Judith Joyce Bergloff, a recent graduate of the Roanoke Valley Campus, passed away at her home on Wednesday, October 16th, 2013.  She was born on August 18, 1956.  Judy graduated from Cave Spring High School in 1974 and served for four years in the U.S. Coast Guard.  She completed her Bachelor’s Degree in Information Systems Engineering at ANU after receiving a degree in civil engineering from the University of Central Florida. 

Judy enjoyed hunting, hiking, karate, and NASCAR.  She volunteered for Hunters for the Hungry and the National Wild Turkey Federation.  She was an instructor for the Virginia Hunters Education Program and the Girl Scouts.  She was a life-long donor and supporter of the American Red Cross. 

Judy is survived by her brothers, Guy Bergloff and wife Cheryl, of Moneta, and James Bergloff (her twin) and wife Susan of Columbia, South Carolina; sisters: Pam Overstreet and husband Charles of Salem, Penny Dupre and husband Jeff of New Smyrna Beach, Florida, and Debbie Camden and husband Bob of Goodview.  She also leaves behind many nieces and nephews who lovingly referred to her as “Auntie Fun,” and her beloved dog, Jack. 


Difference Maker - Administrative Assistant - Fern Robertson

Difference Maker - Administrative Assistant -  Fern Robertson


Fern Robertson—Difference Maker at the Roanoke Valley Campus


Administrative Assistant


  • American National University staff member for the past 24 years
  • Has gained more than 50 years of secretarial experience for various business owners, including a real estate agent and a building contractor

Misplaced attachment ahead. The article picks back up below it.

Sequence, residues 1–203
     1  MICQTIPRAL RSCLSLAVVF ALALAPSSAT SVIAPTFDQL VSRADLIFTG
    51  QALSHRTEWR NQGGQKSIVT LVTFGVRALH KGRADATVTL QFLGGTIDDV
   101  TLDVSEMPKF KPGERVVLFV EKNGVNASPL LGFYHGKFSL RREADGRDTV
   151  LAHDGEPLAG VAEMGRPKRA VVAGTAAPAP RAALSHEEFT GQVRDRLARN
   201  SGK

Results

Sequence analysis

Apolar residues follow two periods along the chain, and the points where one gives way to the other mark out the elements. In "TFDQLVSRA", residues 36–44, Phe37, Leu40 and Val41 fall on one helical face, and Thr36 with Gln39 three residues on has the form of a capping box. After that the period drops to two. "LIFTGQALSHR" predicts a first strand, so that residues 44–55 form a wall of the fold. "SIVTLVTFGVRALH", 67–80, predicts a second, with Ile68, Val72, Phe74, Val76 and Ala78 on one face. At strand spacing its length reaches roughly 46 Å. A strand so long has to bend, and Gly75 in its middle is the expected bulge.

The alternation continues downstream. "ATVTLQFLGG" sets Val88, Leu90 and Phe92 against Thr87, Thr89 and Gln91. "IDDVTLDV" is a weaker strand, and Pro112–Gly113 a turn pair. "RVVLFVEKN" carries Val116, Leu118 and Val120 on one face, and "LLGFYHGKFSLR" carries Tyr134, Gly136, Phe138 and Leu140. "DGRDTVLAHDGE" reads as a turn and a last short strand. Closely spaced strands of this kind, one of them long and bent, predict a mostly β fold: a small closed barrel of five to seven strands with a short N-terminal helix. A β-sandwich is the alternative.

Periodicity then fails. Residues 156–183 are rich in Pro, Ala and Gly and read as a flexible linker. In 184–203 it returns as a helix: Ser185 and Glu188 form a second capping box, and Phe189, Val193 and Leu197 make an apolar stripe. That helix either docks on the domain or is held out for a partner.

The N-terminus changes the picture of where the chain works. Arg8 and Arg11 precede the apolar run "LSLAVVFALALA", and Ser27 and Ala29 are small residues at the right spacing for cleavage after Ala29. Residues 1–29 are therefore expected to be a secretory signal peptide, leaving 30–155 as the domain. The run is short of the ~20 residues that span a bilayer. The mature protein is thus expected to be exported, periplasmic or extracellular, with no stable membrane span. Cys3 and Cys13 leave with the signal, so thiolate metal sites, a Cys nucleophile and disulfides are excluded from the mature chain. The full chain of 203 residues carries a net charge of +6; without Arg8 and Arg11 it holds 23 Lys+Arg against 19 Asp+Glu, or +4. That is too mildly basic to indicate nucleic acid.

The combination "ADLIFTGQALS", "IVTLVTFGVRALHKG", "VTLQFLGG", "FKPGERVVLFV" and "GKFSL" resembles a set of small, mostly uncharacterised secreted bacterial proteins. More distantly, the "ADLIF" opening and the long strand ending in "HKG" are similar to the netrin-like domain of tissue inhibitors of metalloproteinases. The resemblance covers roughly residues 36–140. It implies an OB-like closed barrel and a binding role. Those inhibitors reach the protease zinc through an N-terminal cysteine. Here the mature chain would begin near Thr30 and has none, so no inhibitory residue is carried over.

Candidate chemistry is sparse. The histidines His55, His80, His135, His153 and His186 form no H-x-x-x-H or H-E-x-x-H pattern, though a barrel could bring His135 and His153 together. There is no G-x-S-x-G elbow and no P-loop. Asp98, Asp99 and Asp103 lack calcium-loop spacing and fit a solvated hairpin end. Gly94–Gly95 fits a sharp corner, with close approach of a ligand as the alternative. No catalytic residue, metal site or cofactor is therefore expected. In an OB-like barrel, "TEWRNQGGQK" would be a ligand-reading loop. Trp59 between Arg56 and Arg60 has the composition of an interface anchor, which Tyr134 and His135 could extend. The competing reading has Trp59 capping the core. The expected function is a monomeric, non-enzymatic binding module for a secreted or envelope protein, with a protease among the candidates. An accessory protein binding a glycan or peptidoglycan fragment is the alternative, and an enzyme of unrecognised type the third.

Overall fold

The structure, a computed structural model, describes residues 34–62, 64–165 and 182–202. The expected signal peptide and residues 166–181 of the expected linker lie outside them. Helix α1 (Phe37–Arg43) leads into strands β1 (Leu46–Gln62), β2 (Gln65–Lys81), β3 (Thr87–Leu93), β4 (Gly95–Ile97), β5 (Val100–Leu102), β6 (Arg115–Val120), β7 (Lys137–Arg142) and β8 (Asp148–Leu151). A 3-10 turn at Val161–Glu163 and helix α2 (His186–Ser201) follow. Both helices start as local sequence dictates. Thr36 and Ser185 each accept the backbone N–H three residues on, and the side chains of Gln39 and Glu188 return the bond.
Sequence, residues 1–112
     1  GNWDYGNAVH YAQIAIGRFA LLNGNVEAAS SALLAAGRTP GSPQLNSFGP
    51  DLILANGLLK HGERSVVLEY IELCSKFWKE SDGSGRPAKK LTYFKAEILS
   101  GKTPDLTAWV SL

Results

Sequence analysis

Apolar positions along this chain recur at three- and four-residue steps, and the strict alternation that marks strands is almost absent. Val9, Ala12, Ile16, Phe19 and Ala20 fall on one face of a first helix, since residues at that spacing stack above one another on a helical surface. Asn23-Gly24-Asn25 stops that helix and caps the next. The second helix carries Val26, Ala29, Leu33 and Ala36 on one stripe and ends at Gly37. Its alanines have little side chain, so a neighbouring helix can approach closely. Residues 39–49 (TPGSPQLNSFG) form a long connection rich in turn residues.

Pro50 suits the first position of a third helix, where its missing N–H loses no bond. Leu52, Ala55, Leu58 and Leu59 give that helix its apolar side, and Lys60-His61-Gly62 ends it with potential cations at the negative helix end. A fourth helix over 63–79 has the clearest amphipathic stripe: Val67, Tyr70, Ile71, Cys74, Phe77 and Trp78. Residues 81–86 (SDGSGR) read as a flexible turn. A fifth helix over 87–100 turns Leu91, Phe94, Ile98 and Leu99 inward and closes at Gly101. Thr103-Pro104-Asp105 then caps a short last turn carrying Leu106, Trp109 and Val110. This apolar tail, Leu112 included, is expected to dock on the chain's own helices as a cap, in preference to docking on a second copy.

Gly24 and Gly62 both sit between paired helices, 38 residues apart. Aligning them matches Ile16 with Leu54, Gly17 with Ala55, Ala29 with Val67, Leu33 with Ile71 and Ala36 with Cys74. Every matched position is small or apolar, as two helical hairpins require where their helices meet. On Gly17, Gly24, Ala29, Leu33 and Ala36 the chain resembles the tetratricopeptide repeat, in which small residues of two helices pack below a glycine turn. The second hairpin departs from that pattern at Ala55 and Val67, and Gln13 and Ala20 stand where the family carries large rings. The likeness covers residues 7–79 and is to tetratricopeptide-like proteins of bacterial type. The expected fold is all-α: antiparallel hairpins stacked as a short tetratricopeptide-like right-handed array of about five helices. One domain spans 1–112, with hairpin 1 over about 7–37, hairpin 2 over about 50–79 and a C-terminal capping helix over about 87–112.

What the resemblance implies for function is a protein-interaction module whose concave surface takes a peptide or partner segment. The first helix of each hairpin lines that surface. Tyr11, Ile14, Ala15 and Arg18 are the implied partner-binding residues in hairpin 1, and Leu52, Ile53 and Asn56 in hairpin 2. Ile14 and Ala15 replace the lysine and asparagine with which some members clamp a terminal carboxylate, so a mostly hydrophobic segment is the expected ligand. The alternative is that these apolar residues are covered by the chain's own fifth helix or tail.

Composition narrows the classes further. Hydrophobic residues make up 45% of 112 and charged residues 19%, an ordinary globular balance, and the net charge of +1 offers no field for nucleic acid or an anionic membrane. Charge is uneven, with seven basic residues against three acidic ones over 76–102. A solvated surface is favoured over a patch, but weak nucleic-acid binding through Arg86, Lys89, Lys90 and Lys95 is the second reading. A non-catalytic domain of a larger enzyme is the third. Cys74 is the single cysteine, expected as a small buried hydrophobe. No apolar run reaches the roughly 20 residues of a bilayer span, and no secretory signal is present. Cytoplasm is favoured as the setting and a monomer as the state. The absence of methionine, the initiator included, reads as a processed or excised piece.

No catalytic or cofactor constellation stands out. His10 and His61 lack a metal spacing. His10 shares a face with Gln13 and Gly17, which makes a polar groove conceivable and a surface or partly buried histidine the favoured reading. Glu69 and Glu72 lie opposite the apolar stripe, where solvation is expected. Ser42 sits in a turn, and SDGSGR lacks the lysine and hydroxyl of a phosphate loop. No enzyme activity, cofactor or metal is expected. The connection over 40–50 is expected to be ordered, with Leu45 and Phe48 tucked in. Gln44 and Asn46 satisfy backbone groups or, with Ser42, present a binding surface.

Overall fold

• Is actively involved in community organizations, such as local theatre, where she helps organize the box office and coordinate volunteers, as well as her church, where she is involved in the music program and worship committee; she also serves as an election official
  • Recently received the Community Builders Award from the Virginia Masons in recognition of her contributions to the community


“I’ve learned a lot in my 24 years at American National University. I have been able to expand my knowledge in many ways and am glad that I have been able to be a part of the growth of the college. There were only 7 campuses when I started here in 1989, and now we’re up to 31 locations. It’s overwhelming to think about how much the school has grown.

“I was surprised to receive the Community Builders Award, but I have the joy of knowing that I have made a difference in the community. I enjoy community work because I am a people-person and am always ready to lend a hand in whatever needs to be done.”

Fern Roberton is a Difference Maker at the Roanoke Valley Campus. 

Graduate Begins Second Career at the Age of 61

Graduate Begins Second Career at the Age of 61

When Pamela Schulze recently completed her business administration-accounting bachelor’s degree program at the Lexington Campus, she was ready to return to the workforce, but she was worried that she would have trouble finding a job at the age of 61.  Her concerns were alleviated when career center director, Cheryl Howell set up an interview for her with B & W Awning Company, and she was hired soon thereafter as a bookkeeper for the company.

Pamela completed her Associate’s Degree in Accounting at the Lexington Campus in 1993.  Years later, she was working in accounting for PepsiCo when she decided to return to campus to take advantage of the free refresher courses which are available to American National University alumni.

She eventually enrolled in the bachelor’s program, but before she completed it, PepsiCo went through a management restructuring, and Pamela decided to take early retirement after 15 years with the company. “Even after I retired from Pepsi, I had gone so long and put so much hard work into it, I thought ‘I am not quitting.  I’m going on,’” recalled Pamela of her determination to earn her bachelor’s degree.